In October 2018, Baker published a book with Random House called Impeachment: An American History, along with Jon Meacham, Timothy Naftali and Jeffrey A. Engel. An updated and greatly expanded version of the Obama book will be published as a regular book in May 2019. He and Glasser are also working on a biography of former Secretary of State James A. Baker III to be published by Doubleday in the spring of 2020.

In addition to his work for MSNBC, Baker is a regular panelist on PBS's Washington Week.[15] A native of the Washington, D.C., area, Baker attended Oberlin College, where he worked as a reporter and editor for the student newspaper, The Oberlin Review. After college, he worked for The Washington Times for two years before joining The Washington Post in 1988 as a reporter covering Virginia news.

WorksEdit

  • The Breach: Inside the Impeachment and Trial of William Jefferson Clinton. Simon & Schuster. 2000. ISBN 978-0-7432-1293-9.
  • Kremlin Rising: Vladimir Putin's Russia and the End of Revolution. Simon & Schuster. 2005. ISBN 978-0-7432-8179-9.
  • Days of Fire: Bush and Cheney in the White House. Knopf Doubleday. 2013. ISBN 978-0-385-53692-9.
  • Obama: The Call of History. Harry N. Abrams. 2017. ISBN 978-0-935-11290-0.[16]
  • Impeachment: An American History. Random House. 2018. ISBN 978-1984853783.

Personal lifeEdit

In 2000, he married Susan Glasser in a civil ceremony.[3] His wife has been a reporter and assistant managing editor at The Washington Post, the editor-in-chief of Foreign Policy magazine, the founding editor of Politico Magazine and the editor of Politico.[17][18][19] She is now a staff writer for The New Yorker and author of its Letter from Trump’s Washington as well as a global affairs analyst for CNN. The couple lives in Washington, D.C. with their son, Theodore.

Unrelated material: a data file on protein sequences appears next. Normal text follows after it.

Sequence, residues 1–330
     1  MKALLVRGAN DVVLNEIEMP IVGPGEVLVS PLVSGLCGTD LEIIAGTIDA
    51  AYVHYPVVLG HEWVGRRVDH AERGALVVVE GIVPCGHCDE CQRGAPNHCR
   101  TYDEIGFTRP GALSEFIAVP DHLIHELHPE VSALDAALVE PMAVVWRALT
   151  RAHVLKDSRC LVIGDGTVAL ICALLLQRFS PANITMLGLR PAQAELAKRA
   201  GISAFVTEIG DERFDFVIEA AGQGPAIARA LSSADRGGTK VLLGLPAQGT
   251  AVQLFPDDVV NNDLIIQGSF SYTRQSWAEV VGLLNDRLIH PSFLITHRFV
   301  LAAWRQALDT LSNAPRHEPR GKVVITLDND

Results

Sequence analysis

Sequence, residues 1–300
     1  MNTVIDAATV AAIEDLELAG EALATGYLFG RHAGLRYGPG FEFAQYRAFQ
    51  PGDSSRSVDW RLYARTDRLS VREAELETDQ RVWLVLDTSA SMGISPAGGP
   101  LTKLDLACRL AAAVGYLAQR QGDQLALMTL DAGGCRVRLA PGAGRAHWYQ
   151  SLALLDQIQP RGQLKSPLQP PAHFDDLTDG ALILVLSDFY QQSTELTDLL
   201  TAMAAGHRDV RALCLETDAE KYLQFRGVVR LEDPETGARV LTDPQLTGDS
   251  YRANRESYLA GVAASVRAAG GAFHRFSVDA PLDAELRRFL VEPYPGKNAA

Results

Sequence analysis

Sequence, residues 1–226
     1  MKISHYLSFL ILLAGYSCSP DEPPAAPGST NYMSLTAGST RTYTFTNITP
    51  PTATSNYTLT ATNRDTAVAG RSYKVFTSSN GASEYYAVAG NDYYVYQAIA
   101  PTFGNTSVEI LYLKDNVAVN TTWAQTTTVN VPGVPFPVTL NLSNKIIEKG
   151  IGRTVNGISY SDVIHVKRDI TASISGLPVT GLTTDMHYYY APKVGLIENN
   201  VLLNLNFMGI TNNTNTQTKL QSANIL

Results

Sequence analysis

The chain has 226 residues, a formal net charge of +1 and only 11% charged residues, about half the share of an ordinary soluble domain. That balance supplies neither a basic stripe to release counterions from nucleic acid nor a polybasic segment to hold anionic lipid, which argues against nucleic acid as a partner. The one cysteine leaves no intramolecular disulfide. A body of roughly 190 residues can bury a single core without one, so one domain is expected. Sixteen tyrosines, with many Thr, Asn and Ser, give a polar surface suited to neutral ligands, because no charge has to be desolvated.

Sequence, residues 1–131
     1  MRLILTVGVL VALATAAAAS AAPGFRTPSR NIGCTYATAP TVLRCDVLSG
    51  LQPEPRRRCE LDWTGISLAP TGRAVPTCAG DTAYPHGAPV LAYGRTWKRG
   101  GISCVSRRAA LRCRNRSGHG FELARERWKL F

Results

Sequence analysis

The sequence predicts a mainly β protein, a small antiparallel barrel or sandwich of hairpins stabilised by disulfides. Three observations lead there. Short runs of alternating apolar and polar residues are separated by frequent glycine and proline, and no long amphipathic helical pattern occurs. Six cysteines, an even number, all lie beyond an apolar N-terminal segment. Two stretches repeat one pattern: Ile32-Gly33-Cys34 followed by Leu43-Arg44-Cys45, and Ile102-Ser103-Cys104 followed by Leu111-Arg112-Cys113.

ReferencesEdit

  1. ^ "Peter Baker". The New York Times. 2019-04-10. ISSN 0362-4331. Retrieved 2019-04-11.
  2. ^ "New York Times announces new White House team, including Peter Baker, Glenn Thrush". Politico. 2016-12-12. Retrieved 2017-07-07.
  3. ^ a b "Weddings – Susan Glasser, Peter Baker". The New York Times. 2000-09-10. Retrieved 2017-07-07.
  4. ^ "Meta Ann 'Meg' Snyder, 44, UM program directorMeta Ann..." Articles.baltimoresun.com. 1998-10-10. Retrieved 2017-07-07.
  5. ^ "A Conversation with Peter Baker '88 - Oberlin College". Calendar.oberlin.edu. 2013-11-08. Retrieved 2017-07-07.
  6. ^ Calderone, Michael (2008-05-11). "WaPo's Baker joins the NY Times". Politico.com. Retrieved 2017-07-07.
  7. ^ "washingtonpost.com: Peter Baker". The Washington Post. 2016-08-05. Retrieved 2018-03-05.
  8. ^ "Archived copy". Archived from the original on 2014-07-08. Retrieved 2017-09-08.CS1 maint: Archived copy as title (link)
  9. ^ "Reporting on the Presidency Prize 2007 - Gerald R. Ford Foundation". GeraldRFordFoundation.org. 2007-06-01. Retrieved 2018-03-05.
  10. ^ "White House Correspondents' Association Awards: 2011 WHCA Journalism Awards". www.WHCA.net. 2011-05-08. Archived from the original on 2012-05-10. Retrieved 2018-03-05.
  11. ^ "Reporting on the Presidency 2014 - Gerald R. Ford Foundation". GeraldRFordFoundation.org. 2015-06-01. Retrieved 2018-03-05.
  12. ^ "Days of Fire by Peter Baker". www.PenguinRandomHouse.com. 2014-06-03. Retrieved 2018-03-05.
  13. ^ "The 10 Best Books of 2013". The New York Times. December 4, 2013. Retrieved 21 November 2014.
  14. ^ "NAACP - Nominees Announced for 49th NAACP Image Awards". www.NAACP.org. 2017-11-20. Retrieved 2018-03-05.
  15. ^ "Peter Baker - Washington Week". www.PBS.org. 2017-03-10. Retrieved 2018-03-05.
  16. ^ "From candidate to president: Obama's call of history". PBS. Retrieved 28 July 2017.
  17. ^ "Will Peter Baker be NY Times next Jerusalem bureau chief? | Jewish Telegraphic Agency". Jta.org. 2015-11-19. Retrieved 2017-07-07.
  18. ^ "Susan Glasser named editor of Politico | Politico". politico.com. 2014-09-18. Retrieved 2017-07-28.
  19. ^ "The Trump White House's War Within | Politico". politico.com. 2017-07-24. Retrieved 2017-07-28.

External linksEdit